Poor body image can lead to: Low self-esteem. Obsessively thinking about your body and appearance. Putting too much emphasis on your weight, shape or size.
People with negative body image are also more likely to experience feelings of depression, anxiety, shame, or self-consciousness. Along with contributing directly to the development of eating disorders, these feelings can also contribute to low self-esteem, which can also work to develop or sustain eating disorders.
 Poor body image can affect physical and psychological health and can influence self-esteem, mood, competence, social functioning, and occupational functioning.
While body image concerns affect both boys and girls, research suggests that girls are more likely to be dissatisfied with their appearance and their weight than boys (24,25). In our survey, 46% of girls reported that their body image causes them to worry 'often' or 'always' compared to 25% of boys.
Body image and self-esteem directly influence each other and a person's feelings, thoughts, and actions. If a youth doesn't like their body or a part of their body (poor body image) it is hard for them to feel good about their whole self (positive self-esteem).
One's body image can be influenced many factors, including one's parents, peers, culture/media, or one's past experiences. Understanding the influences these various factors can have on body image can help shed a light on what may be at the root of one's negative body image and how to improve one's body image.
Sometimes, we worry about how we look or what our friends think about our body. You may feel uncomfortable in your own skin, anxious, unhealthy or disempowered. Body image can have an impact on your self‑esteem and confidence. The media can have an impact on what you think a 'normal' body should look like.
People with negative body image are more likely to have an eating disorder and more frequently suffer from negative emotions such as depression, isolation, loss of self-confidence, obsession with weight loss. Obesity is also a risk factor for anxiety disorders.
Poor body image is often a predictor of low self-esteem, anxiety, depression, stress, dieting and eating disorders in adolescents. Positive body image is generally considered to encompass a more accurate perception of one's body size and/or shape as well as comfort or acceptance of one's body.
Feeling inadequate about or criticizing one's body. Not wanting to leave the house because of the way one looks. Avoiding activities or trying new things because of the way they feel about their body. Obsessing over food, weight, calories, dieting, or exercise.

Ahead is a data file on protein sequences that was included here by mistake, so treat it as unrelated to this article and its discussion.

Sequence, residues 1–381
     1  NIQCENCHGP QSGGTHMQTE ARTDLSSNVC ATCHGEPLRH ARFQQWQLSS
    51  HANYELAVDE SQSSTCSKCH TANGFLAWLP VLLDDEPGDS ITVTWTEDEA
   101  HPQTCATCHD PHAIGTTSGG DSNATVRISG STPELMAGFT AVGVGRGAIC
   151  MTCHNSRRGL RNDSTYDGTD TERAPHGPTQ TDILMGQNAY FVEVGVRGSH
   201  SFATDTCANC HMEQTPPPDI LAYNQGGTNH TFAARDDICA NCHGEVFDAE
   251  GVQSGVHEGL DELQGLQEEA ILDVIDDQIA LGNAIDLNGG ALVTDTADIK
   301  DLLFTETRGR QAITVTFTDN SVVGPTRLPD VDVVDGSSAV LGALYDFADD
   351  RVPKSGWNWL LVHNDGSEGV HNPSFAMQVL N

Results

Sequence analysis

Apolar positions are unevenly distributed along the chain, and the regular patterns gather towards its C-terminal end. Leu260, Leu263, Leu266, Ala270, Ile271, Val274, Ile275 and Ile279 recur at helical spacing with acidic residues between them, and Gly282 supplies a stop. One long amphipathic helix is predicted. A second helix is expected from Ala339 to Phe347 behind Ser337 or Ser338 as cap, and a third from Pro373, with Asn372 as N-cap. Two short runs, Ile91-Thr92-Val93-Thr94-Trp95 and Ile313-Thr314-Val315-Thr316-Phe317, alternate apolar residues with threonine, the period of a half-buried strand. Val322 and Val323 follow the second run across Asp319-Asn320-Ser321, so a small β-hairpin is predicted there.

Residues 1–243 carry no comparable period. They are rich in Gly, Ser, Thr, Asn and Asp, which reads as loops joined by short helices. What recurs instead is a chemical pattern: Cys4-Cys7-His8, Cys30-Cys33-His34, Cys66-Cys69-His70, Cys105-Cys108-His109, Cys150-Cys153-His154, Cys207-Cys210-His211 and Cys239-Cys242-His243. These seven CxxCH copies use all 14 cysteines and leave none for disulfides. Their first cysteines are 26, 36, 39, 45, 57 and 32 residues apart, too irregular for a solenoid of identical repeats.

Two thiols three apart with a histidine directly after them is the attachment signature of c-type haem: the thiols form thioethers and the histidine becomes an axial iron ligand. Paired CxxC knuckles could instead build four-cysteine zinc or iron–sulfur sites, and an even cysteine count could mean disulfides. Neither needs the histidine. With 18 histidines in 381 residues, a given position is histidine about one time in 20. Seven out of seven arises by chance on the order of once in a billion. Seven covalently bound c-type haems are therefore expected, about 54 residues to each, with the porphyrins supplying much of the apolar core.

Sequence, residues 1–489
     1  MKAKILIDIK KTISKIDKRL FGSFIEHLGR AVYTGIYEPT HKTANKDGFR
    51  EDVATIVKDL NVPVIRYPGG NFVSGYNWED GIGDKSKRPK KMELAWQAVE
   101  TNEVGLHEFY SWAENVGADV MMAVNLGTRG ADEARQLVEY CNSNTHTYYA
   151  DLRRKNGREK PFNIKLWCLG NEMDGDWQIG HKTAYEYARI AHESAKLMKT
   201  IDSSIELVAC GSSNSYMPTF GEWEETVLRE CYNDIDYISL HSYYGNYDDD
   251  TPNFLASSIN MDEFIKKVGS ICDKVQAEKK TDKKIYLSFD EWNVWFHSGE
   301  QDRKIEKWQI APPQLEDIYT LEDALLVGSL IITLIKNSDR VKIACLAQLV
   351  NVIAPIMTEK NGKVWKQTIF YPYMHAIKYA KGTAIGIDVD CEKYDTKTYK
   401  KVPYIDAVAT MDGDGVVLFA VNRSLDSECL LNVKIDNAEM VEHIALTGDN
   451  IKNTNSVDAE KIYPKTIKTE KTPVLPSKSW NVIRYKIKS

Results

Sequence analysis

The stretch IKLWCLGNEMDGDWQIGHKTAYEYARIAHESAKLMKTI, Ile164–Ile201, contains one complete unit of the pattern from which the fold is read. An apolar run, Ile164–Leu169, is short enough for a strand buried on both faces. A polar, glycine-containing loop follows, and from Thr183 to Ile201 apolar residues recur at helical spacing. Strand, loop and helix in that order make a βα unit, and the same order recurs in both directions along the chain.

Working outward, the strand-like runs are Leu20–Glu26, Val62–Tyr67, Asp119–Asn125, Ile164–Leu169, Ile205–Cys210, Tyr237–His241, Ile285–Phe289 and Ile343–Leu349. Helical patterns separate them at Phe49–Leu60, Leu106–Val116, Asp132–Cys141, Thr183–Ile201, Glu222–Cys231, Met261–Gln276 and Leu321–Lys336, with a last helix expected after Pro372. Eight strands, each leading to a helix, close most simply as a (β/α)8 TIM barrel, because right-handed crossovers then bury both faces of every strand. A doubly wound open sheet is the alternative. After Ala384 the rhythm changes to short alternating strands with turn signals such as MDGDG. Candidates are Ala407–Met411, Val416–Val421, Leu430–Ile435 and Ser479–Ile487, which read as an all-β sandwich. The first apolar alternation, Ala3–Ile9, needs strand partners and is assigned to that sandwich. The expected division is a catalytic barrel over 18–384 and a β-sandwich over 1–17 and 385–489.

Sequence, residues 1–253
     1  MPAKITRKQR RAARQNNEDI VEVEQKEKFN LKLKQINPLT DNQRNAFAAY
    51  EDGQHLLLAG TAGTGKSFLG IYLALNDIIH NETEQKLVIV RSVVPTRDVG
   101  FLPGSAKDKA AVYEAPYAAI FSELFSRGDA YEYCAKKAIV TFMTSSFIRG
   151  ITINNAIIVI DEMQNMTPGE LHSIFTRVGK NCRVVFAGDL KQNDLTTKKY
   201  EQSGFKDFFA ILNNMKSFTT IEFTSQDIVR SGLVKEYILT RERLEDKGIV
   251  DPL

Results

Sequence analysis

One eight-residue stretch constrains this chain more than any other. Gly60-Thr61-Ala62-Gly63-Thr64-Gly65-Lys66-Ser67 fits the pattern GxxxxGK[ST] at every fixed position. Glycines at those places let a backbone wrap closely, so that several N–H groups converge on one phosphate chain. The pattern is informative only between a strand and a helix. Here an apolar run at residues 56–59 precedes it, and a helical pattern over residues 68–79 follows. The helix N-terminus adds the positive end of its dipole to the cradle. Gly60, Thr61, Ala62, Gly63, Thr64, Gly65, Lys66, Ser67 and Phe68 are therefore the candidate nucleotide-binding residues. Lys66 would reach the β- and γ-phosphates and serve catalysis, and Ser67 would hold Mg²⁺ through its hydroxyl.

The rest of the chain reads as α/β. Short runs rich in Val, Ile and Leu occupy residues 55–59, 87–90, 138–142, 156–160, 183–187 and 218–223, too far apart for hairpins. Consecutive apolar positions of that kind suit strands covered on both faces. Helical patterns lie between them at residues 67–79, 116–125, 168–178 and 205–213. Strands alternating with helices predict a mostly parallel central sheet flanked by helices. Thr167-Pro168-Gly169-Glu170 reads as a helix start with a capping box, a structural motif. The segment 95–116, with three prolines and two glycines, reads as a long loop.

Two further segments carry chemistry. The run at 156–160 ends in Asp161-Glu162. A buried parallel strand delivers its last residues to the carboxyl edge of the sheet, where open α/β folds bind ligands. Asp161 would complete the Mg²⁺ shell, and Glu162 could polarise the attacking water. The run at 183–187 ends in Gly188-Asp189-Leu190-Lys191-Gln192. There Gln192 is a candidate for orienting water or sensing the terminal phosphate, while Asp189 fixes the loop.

Body image, in most modern definitions, involves two key elements: a mental picture of one's physical body (including size, shape, and appearance), and one's attitude toward the physical self (such as thoughts, feelings and beliefs about one's body).
Healthy body image is more than simply tolerating what you look like or “not disliking” yourself. A healthy body image means that you truly accept and like the way you look right now, and aren't trying to change your body to fit the way you think you should look.
Body dysmorphic disorder is a mental health condition in which you can't stop thinking about one or more perceived defects or flaws in your appearance — a flaw that appears minor or can't be seen by others.
Low self-esteem may stem from experiences in early childhood. If you didn't fit in at school, had difficulty meeting your parents' expectations or were neglected or abused, this can lead a person to have negative core beliefs about themselves. These are ingrained beliefs a person has about themselves.
Health issues, depression, or trauma can affect how you feel about yourself. And eating disorders can cause a poor body image that isn't true. Tell a parent, doctor, or therapist what you're going through. Ask for help.
Social media platforms often feature images of people with seemingly perfect faces and bodies, often using filters and photo editing tools to enhance their appearance. This can create unrealistic beauty standards, leading to body dissatisfaction and low self-esteem in both women and men.
Body image is a multidimensional matter that includestheperception of persons regarding self–appearance and related thoughts and feelings about this. [1,2] These perceptions are influenced by many factors such as peers, family, social environment, and media.